The National Transport Authority says funding for sustainable transport projects is continuing to increase exponentially and planning and capacity issues are the main obstacles to new infrastructure.

It says local authorities are expected to draw down €241m for walking, cycling and public transport projects this year, more than double what was spent last year.

The NTA's 2020 report on sustainable transport has revealed that funding for walking, cycling and public transport for last year reached €107m up from just under €40m in 2019.

Around half of last year's funding was dispersed to local authorities through the Covid Interim Mobility fund and the July Jobs Stimulus Plan.

But the NTA's head of Transport Development Michael Aherne said that although the pandemic may not be a factor next year funding will continue to total more than €200m in 2022.

"It's a building programme so we can expect to spend a little more next year. The commitment in the programme for government is €1.8 billion over five years and we are part of that."

The key delays are not funding but planning decisions by local authorities or An Bord Pleanála and capacity in terms of contractors and construction or staff in local authorities.

On bigger projects building business cases or securing sign off can take some time.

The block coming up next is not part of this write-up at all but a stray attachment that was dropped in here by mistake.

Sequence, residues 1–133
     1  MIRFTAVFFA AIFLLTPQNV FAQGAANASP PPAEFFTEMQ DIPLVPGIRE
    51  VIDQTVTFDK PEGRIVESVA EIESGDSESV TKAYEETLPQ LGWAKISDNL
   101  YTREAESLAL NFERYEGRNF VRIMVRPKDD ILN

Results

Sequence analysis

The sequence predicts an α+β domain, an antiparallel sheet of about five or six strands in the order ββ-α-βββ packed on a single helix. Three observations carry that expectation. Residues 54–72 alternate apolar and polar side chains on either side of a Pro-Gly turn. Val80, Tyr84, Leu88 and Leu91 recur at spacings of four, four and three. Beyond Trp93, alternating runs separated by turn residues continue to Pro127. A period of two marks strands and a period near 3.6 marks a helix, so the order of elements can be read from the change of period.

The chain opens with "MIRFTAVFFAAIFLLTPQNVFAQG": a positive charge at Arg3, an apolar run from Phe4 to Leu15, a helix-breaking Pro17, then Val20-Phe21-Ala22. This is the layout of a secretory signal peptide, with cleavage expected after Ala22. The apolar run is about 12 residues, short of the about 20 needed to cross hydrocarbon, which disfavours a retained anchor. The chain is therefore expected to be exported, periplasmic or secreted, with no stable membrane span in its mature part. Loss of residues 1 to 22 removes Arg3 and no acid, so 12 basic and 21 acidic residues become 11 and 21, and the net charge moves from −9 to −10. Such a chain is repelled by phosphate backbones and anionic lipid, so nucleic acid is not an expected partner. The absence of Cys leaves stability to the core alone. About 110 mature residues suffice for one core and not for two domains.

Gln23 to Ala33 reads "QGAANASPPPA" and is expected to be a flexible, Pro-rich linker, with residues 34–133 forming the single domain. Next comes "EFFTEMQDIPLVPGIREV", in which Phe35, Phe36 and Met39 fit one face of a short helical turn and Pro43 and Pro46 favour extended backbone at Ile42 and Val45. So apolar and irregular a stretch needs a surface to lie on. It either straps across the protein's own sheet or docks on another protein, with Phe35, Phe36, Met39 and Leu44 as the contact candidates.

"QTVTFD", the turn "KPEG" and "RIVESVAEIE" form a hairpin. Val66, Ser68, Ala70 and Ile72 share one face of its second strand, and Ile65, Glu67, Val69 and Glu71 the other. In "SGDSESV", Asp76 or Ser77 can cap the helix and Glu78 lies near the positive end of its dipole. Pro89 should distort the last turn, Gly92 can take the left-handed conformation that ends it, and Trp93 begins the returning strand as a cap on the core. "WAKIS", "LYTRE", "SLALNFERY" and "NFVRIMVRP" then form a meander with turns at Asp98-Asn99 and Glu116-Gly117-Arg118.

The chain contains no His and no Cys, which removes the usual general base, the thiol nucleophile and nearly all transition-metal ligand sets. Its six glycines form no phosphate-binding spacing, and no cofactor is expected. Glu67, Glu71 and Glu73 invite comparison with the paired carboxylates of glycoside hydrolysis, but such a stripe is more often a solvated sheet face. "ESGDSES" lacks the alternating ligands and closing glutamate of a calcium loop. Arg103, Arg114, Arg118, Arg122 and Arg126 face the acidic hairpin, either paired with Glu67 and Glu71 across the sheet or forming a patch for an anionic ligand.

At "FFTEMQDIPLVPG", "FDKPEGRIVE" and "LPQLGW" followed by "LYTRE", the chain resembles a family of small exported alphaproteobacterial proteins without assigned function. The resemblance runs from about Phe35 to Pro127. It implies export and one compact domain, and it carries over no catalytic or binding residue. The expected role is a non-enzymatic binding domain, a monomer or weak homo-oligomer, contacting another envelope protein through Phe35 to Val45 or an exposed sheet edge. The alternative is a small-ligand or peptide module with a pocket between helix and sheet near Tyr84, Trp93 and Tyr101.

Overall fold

Last year a little over half the funding was shared between three local authorities Dublin City Council, Dún Laoghaire-Rathdown and Cork City Council. Up to this year funding was available to councils in Dublin and neighbouring counties through the Greater Dublin Area grant scheme and to Cork, Limerick, Galway and Waterford city councils through the Regional Cities grant.

But this year the other 19 local authorities have been able to gain access through the active travel grants scheme

Michael Ahern says the response has been impressive with 340 projects proposed.

"It's ambitious €70M from a standing start but we expect them to have spent the majority of it by the end of the year."

A lot of the projects have been improving footpaths or active travel access to local schools in towns.

Fiona O'Driscoll, a Senior Programme Manager at the NTA, said they are really scaling up in terms of delivering walking and cycling projects.

Speaking on RTÉ's Drivetime, Ms O'Driscoll said €107 million was spent last year on 170 projects, while this year the plan is to spend €240 million on over 800 projects.

She said trials of cycle paths are useful tools to determine people's real life experience of the street.

Engineering is often the least problematic part of the project, she said, and that it is often trying to bring the local community on board.

Separately, Green Party leader Eamon Ryan has said the Department of the Environment, Climate and Communications will be strengthening the legal powers of local authorities, enabling them to create more new cycle paths and bus lanes.

The Minister for Transport said he will bring forward an amendment to an existing bill which would give much greater clarity to the area.